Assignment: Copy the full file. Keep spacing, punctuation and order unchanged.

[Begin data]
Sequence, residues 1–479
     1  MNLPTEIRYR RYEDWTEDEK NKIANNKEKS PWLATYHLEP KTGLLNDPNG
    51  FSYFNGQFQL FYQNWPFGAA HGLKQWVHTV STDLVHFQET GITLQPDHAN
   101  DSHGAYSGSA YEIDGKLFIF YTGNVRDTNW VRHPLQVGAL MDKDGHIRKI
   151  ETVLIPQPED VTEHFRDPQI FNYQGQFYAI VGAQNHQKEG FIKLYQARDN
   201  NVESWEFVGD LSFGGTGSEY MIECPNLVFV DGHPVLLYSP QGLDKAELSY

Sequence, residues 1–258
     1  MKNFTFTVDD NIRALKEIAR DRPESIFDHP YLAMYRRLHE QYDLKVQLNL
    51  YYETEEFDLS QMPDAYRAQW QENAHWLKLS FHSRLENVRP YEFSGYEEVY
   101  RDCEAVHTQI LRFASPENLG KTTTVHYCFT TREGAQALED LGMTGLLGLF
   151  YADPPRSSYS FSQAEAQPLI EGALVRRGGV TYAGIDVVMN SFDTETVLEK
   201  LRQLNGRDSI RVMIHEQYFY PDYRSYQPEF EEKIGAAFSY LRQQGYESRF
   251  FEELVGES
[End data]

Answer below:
Sequence, residues 1–479
     1  MNLPTEIRYR RYEDWTEDEK NKIANNKEKS PWLATYHLEP KTGLLNDPNG
    51  FSYFNGQFQL FYQNWPFGAA HGLKQWVHTV STDLVHFQET GITLQPDHAN
   101  DSHGAYSGSA YEIDGKLFIF YTGNVRDTNW VRHPLQVGAL MDKDGHIRKI
   151  ETVLIPQPED VTEHFRDPQI FNYQGQFYAI VGAQNHQKEG FIKLYQARDN
   201  NVESWEFVGD LSFGGTGSEY MIECPNLVFV DGHPVLLYSP QGLDKAELSY

Sequence, residues 1–258
     1  MKNFTFTVDD NIRALKEIAR DRPESIFDHP YLAMYRRLHE QYDLKVQLNL
    51  YYETEEFDLS QMPDAYRAQW QENAHWLKLS FHSRLENVRP YEFSGYEEVY
   101  RDCEAVHTQI LRFASPENLG KTTTVHYCFT TREGAQALED LGMTGLLGLF
   151  YADPPRSSYS FSQAEAQPLI EGALVRRGGV TYAGIDVVMN SFDTETVLEK
   201  LRQLNGRDSI RVMIHEQYFY PDYRSYQPEF EEKIGAAFSY LRQQGYESRF
   251  FEELVGES